This feature is so simple, it’s almost mind numbing. As an occasional bit on the show, dedicate a break to going around the cast, asking each member for the most interesting place they’re going that day. Might be the dentist, or to their kid’s school to meet with a teacher, or to a lawyer’s office to sign papers to buy a house. There are stories in each and set you up the next day to hear how things went. If the place you’re going (and the reason you’re headed there) are interesting and told well, you have character development. You can easily include listeners in this, too, to get to know them!
Archive for month: February, 2012
With last week’s President’s Day holiday, Eddie and JoBo, KHITS, Chicago, decided to see how many presidents an average kid could name. You always need a conflicting category to make something like this funny to express your point. That’s where beer comes in! See how many presidents this kid can name, and then how many beer brands come to mind!
With Monday of this week being President’s Day, an easy game to play is “The Middle Name Game”. For some strange reason, we know the middle name of almost every president who’s been. Sometimes in PPM, easy wins because listeners can follow along, especially if the design of the game is vicarious. Offer up the president (“Richard Nixon”) and the listener has to tell you their middle name “(“Milhous”). Three of five right and you win. Doesn’t need to be any harder than that!
One very efficient way to do character development is to put a relative on your show. Recently, Jobo, from Eddie & Jobo, KHITS, Chicago, gave his mom a car for Christmas. He was beside himself when one of his brothers drove the car (against orders!) and smoked in it. Jobo wasn’t too pleased. Being too emotional about it, Jobo asked his partner, Eddie (who knows his mom very well), to call her to get things right. What you have here is a break, grounded in real life, that’s quite fun to listen in on.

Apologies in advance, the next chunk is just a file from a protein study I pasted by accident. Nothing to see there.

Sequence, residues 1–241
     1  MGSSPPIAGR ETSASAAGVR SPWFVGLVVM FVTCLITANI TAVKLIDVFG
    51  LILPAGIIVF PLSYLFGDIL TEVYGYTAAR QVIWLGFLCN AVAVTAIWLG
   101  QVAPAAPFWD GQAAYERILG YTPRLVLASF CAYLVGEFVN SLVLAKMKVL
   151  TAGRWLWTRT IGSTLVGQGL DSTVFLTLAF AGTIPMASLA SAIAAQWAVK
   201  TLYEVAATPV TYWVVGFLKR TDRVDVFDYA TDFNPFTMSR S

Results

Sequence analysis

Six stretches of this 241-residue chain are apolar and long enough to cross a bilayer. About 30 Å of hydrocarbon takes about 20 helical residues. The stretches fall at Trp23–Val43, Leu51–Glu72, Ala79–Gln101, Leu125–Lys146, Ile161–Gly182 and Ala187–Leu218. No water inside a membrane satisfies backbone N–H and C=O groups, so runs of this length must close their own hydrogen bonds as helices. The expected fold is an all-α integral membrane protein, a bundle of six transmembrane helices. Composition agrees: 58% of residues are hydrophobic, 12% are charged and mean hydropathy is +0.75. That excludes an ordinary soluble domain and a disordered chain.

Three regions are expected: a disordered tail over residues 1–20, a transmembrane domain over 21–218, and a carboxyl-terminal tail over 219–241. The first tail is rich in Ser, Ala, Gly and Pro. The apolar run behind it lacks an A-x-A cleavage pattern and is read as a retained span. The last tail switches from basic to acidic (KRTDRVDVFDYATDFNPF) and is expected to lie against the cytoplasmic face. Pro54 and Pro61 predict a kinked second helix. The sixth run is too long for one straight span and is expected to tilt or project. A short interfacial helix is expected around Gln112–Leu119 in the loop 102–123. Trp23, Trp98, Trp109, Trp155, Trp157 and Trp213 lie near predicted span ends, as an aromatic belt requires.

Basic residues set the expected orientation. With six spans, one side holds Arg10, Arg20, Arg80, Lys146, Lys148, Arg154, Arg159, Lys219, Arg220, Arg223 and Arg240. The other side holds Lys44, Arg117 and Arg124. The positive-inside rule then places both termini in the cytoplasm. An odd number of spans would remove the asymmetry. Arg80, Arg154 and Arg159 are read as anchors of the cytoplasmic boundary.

Keep an eye out for when there’s an execution in the country to play “The Last Meal Game”. Listeners have to guess what the convict’s last meal was. First to guess it wins. Edgy, yea. But definitely memorable!
Nothing humanizes a radio talent more than when you put a fun relative on the show. It’s terrific character development as the talent shifts from being an entertainer to someone’s kid, spouse, or parent. In these segments from WBMX, Boston’s Karson and Kennedy, Karson’s 93-year old grandmother calls the show to see if Karson knows that that town’s famed Fenway Park is turning 100 years old. Real life is funny…and these two segments with his grandma are.
Here’s an easy Monday morning character development bit. Each member of the show notes to the producer the most interesting thing that happened to them over the weekend. The producer reduces the story to once sentence and throws them out, one at a time, to listeners on the phone. The listener must guess who that interesting thing happened to. Then the cast member tells the story.